Vector Line and Plane Equation

Vector Line and Plane Equation

We have learned the cartesian form of a line equation: \( \boxed{ \ y \ = \ mx \ + \ c \ }\).

While it comes in handy in solving one-dimensional (1D) and two-dimensional (2D) problems, it may not be as such when solving three-dimensional problems.

Using the vector form of a line equation and a plane equation helps us to solve 3D problems much easier than using its cartesian form.

Given any two points, A and B, we can draw the vector \({\small \vec{a}}\) and \({\small \vec{b}}\) from the origin. Then, the line equation of line AB in the vector form can be written as follows:

\( \hspace{3em} \vec{r} \ = \ \vec{a} \ + \ \lambda(\vec{b} \ – \ \vec{a}) \)

\(\\[5pt] {\small \vec{r} \ = \ }\) position vector
: it represents any points along the line AB

\(\\[5pt] {\small \vec{a} \ \ \textrm{or} \ \ \vec{b} \ = \ }\) location vector
: it shows the location vector of any one point along the line AB which can be represented by \({\small \vec{a}}\) or \({\small \vec{b}}\)

\(\\[5pt] {\small \vec{b} \ – \ \vec{a} \ = \ }\) direction vector
: it gives the direction vector of the line AB

\(\\[5pt] {\small \lambda \ }\) is a constant value.

Vector Line Equation

For the 2D shape, the vector form of a plane equation is shown below:

\( \hspace{3em} (\vec{r} \ – \ \vec{a}) \cdot \vec{n} \ = \ 0 \)

\(\\[5pt] {\small \vec{r} \ = \ }\) position vector
: it represents any points on the plane

\(\\[5pt] {\small \vec{a} \ = \ }\) location vector
: it shows the location of a point on the plane which is represented by \({\small \vec{a}}\)

\(\\[5pt] {\small \vec{n} \ = \ }\) normal vector
: it is the vector that gives perpendicular direction to the plane.

Vector Plane Equation

Note that we can find the cartesian form of a plane equation from its vector form,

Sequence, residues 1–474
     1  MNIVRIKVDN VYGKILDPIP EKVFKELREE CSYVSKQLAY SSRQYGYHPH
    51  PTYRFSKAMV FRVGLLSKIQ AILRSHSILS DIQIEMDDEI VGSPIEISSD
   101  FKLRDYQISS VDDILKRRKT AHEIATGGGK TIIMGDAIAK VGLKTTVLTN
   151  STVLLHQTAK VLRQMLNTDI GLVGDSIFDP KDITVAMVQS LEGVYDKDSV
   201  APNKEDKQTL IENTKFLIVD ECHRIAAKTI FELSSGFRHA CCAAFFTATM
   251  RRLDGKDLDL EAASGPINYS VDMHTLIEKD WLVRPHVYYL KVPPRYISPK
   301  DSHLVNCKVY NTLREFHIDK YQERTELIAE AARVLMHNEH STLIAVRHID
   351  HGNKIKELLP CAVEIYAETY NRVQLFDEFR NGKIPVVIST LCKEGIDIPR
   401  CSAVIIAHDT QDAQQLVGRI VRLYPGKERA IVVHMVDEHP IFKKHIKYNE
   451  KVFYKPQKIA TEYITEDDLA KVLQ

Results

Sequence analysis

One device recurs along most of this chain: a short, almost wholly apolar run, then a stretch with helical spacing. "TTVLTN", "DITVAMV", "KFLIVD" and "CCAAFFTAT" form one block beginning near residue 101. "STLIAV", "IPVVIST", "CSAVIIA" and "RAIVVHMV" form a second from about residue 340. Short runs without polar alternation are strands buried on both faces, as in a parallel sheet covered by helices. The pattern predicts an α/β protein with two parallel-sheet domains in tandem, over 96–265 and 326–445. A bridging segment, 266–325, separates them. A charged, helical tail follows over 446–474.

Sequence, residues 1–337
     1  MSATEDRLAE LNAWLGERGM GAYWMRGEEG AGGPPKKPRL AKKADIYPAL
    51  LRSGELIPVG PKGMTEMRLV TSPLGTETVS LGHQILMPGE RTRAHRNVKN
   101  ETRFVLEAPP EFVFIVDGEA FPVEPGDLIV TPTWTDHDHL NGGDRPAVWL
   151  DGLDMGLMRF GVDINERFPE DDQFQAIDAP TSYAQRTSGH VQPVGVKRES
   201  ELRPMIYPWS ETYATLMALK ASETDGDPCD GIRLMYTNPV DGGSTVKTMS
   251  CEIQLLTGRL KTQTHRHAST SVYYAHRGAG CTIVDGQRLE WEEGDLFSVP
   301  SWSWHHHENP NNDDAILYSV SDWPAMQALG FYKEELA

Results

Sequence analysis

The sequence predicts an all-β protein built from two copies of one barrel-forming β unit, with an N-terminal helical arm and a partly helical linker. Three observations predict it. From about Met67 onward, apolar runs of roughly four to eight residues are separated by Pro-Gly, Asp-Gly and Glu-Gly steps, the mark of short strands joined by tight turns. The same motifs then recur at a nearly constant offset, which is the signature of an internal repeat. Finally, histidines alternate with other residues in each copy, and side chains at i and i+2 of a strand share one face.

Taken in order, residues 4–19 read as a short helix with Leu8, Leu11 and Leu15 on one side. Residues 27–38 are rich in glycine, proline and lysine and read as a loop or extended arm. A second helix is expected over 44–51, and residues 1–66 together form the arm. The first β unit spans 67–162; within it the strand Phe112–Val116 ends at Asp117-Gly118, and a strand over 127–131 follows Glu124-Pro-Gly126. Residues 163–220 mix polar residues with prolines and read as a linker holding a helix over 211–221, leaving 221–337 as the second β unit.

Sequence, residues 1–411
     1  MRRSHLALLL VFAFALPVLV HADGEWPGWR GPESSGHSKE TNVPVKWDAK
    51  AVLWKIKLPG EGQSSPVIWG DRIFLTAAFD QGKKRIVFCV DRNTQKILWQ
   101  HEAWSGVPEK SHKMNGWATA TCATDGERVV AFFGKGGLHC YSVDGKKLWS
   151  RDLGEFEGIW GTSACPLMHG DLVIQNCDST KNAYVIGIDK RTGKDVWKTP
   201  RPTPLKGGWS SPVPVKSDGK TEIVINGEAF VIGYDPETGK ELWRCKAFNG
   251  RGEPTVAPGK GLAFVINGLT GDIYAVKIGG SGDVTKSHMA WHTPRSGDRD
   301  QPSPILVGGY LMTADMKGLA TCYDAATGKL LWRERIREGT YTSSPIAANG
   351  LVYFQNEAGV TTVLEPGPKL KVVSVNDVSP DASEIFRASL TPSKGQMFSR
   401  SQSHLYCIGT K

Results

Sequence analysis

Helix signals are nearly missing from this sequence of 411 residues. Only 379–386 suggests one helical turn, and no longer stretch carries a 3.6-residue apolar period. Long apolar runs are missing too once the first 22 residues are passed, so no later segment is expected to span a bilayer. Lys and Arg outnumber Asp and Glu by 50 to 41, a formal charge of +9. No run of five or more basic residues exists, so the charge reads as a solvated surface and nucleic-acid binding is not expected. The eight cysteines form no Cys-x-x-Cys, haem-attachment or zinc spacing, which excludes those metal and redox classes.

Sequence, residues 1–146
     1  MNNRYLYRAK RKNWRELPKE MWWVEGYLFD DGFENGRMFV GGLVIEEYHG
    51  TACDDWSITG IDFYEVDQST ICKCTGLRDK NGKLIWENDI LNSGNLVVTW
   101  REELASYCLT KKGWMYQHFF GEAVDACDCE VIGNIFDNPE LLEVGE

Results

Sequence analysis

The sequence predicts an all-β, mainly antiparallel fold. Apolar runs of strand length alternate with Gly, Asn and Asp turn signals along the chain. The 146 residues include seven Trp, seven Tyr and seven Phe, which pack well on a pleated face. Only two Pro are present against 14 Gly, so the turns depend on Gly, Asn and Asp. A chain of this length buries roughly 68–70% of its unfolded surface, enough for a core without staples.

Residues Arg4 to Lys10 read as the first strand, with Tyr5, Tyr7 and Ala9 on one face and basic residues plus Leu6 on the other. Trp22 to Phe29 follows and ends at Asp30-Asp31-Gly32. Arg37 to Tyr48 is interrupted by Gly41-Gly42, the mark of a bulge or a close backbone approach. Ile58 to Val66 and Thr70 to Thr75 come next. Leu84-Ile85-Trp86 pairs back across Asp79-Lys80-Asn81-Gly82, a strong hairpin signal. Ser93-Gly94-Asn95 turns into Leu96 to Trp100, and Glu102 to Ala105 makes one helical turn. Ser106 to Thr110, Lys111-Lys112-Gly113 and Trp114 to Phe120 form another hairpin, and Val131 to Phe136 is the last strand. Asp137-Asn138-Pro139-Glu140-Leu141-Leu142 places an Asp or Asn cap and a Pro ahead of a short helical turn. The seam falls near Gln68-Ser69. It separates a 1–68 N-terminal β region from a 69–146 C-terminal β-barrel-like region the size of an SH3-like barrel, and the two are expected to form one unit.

\(\\[8pt] \hspace{3em} (\vec{r} \ – \ \vec{a}) \cdot \vec{n} \ \hspace{0.7em} \ = \ 0 \)
\(\\[8pt] \hspace{3em} \vec{r} \ \cdot \vec{n} \ – \ \vec{a} \ \cdot \vec{n} \ = \ 0 \)
\(\\[8pt] \hspace{3em} \vec{r} \ \cdot \vec{n} \hspace{3.3em} \ = \ \vec{a} \ \cdot \vec{n} \)

Let \( \ {\small \vec{r}}=\begin{pmatrix}
x \\[1pt]
y \\[1pt]
z
\end{pmatrix}
\ \) and \( \ {\small \vec{n}}=\begin{pmatrix}
a \\[1pt]
b \\[1pt]
c
\end{pmatrix} \)

with \({\small \ (x,y,z) \ } \) are the cartesian coordinates of any points on the plane and \({\small \ (a,b,c)} \ \) are the cartesian components of the normal vector \( \ {\small \vec{n} \ }\). Then the cartesian form is:

\( \hspace{3em} ax \ + \ by \ + \ cz \ = \ d \)

with \( \ {\small d \ = \ \vec{a} \ \cdot \vec{n} \ }\) (the dot product of vector \( \ {\small \vec{a} \ }\) and \( \ {\small \vec{n} \ }\) ).

I have put together some of the questions I received in the comment section below. You can try these questions also to further your understanding on this topic.

To check your answer, you can look through the solutions that I have posted either in Youtube videos or Instagram posts.

You can subscribe, like or follow my youtube channel and IG account. I will keep updating my IG daily post, preferably.

Furthermore, you can find some examples and more practices below! =).

Try some of the examples below and if you need any help, just look at the solution I have written. Cheers ! =) .
\(\\[1pt]\)


EXAMPLE:

\({\small 1.\enspace}\) 9709/03/SP/20 – Specimen Paper 2020 Pure Maths 3 No 8
\(\\[1pt]\)
9709/03/SP/20 – Specimen Paper 2020 Pure Maths 3 No 8
\(\\[1pt]\)
In the diagram, OABC is a pyramid in which OA = 2 units, OB = 4 units and OC = 2 units. The edge OC is vertical, the base OAB is horizontal and angle \({\small \ AOB \ = \ 90^{\large{\circ}}}\). Unit vectors i, j and k are parallel to OA, OB and OC respectively. The midpoints of AB and BC are M and N respectively.
\(\\[1pt]\)
\({\small\hspace{1.2em}(\textrm{a}).\hspace{0.8em}}\) Express the vectors \({\small \ \overrightarrow{ON} \ }\) and \({\small \ \overrightarrow{CM} \ }\) in terms of i, j and k.
\(\\[1pt]\)
\({\small\hspace{1.2em}(\textrm{b}).\hspace{0.8em}}\) Calculate the angle between the directions of \({\small \ \overrightarrow{ON} \ }\) and \({\small \ \overrightarrow{CM} \ }\).
\(\\[1pt]\)
\({\small\hspace{1.2em}(\textrm{c}).\hspace{0.8em}}\) Show that the length of the perpendicular from M to ON is \( {\small \ {\large \frac{3}{5} } \sqrt 5 }\).

\(\\[1pt]\)
\({\small 2.\enspace}\) 9709/11/O/N/16 – Paper 11 Oct Nov 2020 Pure Maths 1 No 9